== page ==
Shepton Mallet is an ideal centre from which to visit the many tourist attractions of this area, including other fascinating towns such as Bath, Wells and Glastonbury. The town is delightful mixture of an old market town and the amenities of the modern world. It is set in a fold of the southern edges of the Mendip Hills.
There are signs of an early Romano-British settlement in the area. Pottery kilns from this period have been unearthed nearby and there are several substantial Roman buildings not far away at Charlton. A number of Roman artefacts were uncovered in 1990 at a site next to the nearby Fosse Way. These included the remains of forty Roman citizens and a Chi-Rho amulet, which is believed to be one of the earliest pieces of evidence of Christianity in England. The bodies were believed to have been buried in the 4th century, according to Christian custom. They were reburied in the local churchyard in 1994.
The word Shepton is derived from the Anglo-Saxon word for sheep fold, indicating the original source of the town’s wealth. The settlement was part of lands given to the Mallet family by Henry I in 1100, hence the second part of the town’s name. Shepton Mallet was one of the places of the original gatherings of the Monmouth Rebellion in 1685, after Monmouth landed at Lyme Regis. A number of rebels were hanged from the market cross, after the Bloody Assizes of “Hanging Judge” Jefferies. This same cross is a 50 foot high, 16th century structure, which can still be found in the town centre. The nearby Victoria Fountain has been recently restored. A 15th century covered market stall close by is a remnant of The Shambles. There is still a busy outdoor market here every Friday.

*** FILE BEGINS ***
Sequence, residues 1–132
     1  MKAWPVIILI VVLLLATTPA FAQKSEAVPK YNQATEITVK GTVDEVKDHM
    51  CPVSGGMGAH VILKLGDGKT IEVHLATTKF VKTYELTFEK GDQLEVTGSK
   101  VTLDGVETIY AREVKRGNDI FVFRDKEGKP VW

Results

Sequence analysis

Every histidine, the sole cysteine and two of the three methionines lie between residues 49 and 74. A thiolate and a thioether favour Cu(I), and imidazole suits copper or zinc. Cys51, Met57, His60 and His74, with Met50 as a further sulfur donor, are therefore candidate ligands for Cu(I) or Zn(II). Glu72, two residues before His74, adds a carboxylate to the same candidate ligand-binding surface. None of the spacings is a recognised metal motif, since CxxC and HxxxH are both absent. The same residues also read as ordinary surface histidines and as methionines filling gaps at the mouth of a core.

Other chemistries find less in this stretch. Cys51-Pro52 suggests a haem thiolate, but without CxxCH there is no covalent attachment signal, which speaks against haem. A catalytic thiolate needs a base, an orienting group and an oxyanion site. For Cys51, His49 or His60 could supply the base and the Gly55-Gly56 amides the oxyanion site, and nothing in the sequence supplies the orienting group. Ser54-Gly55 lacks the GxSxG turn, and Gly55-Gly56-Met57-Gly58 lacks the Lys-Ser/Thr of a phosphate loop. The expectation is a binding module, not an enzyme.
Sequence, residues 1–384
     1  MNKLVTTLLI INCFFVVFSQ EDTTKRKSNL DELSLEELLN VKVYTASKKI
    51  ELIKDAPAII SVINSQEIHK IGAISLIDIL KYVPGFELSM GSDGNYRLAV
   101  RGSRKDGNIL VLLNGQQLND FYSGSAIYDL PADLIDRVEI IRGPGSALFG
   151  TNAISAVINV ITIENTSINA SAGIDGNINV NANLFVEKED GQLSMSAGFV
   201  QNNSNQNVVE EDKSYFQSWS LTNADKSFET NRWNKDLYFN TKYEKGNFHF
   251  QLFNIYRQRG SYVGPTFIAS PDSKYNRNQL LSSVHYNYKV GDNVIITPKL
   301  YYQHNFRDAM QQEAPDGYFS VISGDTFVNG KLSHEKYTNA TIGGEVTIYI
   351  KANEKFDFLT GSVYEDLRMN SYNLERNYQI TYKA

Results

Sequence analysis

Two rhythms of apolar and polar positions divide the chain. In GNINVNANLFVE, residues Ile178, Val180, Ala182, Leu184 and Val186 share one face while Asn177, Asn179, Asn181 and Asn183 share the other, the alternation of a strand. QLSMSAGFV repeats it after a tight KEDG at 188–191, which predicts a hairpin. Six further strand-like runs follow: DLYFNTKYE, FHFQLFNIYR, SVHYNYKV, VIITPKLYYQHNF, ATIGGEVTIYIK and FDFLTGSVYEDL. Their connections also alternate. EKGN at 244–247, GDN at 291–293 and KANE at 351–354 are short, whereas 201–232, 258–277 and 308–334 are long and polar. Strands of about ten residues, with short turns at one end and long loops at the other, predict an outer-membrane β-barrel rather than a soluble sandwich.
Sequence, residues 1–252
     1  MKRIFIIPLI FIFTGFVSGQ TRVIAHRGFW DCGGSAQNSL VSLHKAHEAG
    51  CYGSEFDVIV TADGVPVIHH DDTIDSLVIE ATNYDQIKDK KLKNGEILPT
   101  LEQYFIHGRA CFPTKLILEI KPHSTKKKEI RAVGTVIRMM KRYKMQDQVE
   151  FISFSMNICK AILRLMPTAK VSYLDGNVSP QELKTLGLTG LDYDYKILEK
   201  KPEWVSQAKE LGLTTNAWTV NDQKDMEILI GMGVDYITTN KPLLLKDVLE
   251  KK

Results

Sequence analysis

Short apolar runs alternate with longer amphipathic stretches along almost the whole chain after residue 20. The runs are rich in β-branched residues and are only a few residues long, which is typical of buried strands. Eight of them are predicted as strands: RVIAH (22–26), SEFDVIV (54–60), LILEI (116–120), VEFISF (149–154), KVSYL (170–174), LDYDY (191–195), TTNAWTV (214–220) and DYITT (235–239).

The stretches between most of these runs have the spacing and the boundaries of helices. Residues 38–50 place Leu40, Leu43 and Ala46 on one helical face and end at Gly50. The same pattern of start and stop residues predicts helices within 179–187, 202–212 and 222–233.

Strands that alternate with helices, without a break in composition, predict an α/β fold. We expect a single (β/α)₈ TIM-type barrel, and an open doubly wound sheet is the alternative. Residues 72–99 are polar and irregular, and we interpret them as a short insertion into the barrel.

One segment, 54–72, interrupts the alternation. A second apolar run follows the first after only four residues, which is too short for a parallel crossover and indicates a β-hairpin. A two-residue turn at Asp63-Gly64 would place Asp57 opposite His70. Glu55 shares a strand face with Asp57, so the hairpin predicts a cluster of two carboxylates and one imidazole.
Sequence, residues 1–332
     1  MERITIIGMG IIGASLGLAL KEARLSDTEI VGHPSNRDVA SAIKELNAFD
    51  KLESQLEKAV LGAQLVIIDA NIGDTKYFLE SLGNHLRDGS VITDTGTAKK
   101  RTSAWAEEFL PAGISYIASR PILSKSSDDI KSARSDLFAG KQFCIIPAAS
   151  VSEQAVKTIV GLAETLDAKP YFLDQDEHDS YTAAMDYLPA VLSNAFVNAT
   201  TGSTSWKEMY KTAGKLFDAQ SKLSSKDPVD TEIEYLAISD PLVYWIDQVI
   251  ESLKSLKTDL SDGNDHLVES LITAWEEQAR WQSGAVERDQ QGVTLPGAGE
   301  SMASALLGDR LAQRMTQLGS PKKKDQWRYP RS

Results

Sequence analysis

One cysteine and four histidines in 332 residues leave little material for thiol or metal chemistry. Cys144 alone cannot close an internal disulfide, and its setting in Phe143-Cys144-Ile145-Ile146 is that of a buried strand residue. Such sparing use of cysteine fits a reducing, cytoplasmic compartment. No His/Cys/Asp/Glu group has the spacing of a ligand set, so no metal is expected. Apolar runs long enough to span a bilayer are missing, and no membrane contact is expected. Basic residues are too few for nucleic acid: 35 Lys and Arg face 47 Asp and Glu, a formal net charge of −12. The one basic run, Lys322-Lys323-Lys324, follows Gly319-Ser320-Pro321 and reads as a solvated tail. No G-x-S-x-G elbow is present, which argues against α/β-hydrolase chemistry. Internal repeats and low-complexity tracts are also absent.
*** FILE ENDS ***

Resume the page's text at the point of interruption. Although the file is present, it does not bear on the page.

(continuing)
England’s oldest prison is still in use here too. This prison was a civilian jail from 1610 to 1930, when it closed. It was reopened in 1939, for use by the American army. The prison returned to civilian use in 1966. During the Second World War, some national treasures, including the Domesday Book, were kept safe in the town.
Among other interesting buildings in Shepton Mallet is the Church of St Peter and St Paul, The original Saxon church was extended in the late 12th century, by piercing the side walls with two pairs of arches, constructing side aisles and adding a pair of arches at the west. At the same time, a tower was built and the chancel was enlarged. In the late 14th century, the tower was altered to its present shape. The magnificent, carved English oak wagon roof, with 350 different panels was built about the middle of the following century. Some interesting surviving features are a Saxon font and a fragment from the doorway of the Saxon church, both from around the first millennium, and the 16th century stone, carved pulpit. Two effigies of knights, believed to be Robert and William Mallet, are from the early 14th century.
The traditional textile industries were supplemented by brewing in the 19th century. Apparently the Anglo-Bavarian Brewery was the first in England to brew lager. Shepton Mallet is still home to Europe's largest cider plant, producing Blackthorn Cider, Gaymer’s Olde English cider, and Babycham.
There have been recent improvements to the town centre and further redevelopment is planned. Shepton Mallet has plenty of tourist accommodation, cafés, restaurants and entertainment venues. The annual Mid-Somerset Show is held on fields on the edge of the town. In addition, the four day long Royal Bath and West Show is held at nearby Evercreech. The Glastonbury Festival, which is the largest music festival in Europe, is held about 2 miles from town, in the village of Pilton.
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